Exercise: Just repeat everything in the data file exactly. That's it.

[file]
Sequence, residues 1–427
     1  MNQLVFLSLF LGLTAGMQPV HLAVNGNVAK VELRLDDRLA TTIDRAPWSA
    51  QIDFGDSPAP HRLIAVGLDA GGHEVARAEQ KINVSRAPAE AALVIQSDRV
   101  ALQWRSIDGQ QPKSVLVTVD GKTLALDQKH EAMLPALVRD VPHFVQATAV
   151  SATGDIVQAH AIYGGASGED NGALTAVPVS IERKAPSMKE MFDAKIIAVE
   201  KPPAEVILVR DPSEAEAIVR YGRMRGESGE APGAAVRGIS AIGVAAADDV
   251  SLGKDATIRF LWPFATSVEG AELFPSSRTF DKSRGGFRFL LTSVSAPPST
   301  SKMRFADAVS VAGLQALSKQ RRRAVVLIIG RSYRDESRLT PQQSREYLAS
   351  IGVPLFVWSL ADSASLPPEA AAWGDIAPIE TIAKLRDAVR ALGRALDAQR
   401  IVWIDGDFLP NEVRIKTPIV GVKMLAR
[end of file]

Sequence, residues 1–427
     1  MNQLVFLSLF LGLTAGMQPV HLAVNGNVAK VELRLDDRLA TTIDRAPWSA
    51  QIDFGDSPAP HRLIAVGLDA GGHEVARAEQ KINVSRAPAE AALVIQSDRV
   101  ALQWRSIDGQ QPKSVLVTVD GKTLALDQKH EAMLPALVRD VPHFVQATAV
   151  SATGDIVQAH AIYGGASGED NGALTAVPVS IERKAPSMKE MFDAKIIAVE
   201  KPPAEVILVR DPSEAEAIVR YGRMRGESGE APGAAVRGIS AIGVAAADDV
   251  SLGKDATIRF LWPFATSVEG AELFPSSRTF DKSRGGFRFL LTSVSAPPST
   301  SKMRFADAVS VAGLQALSKQ RRRAVVLIIG RSYRDESRLT PQQSREYLAS
   351  IGVPLFVWSL ADSASLPPEA AAWGDIAPIE TIAKLRDAVR ALGRALDAQR
   401  IVWIDGDFLP NEVRIKTPIV GVKMLAR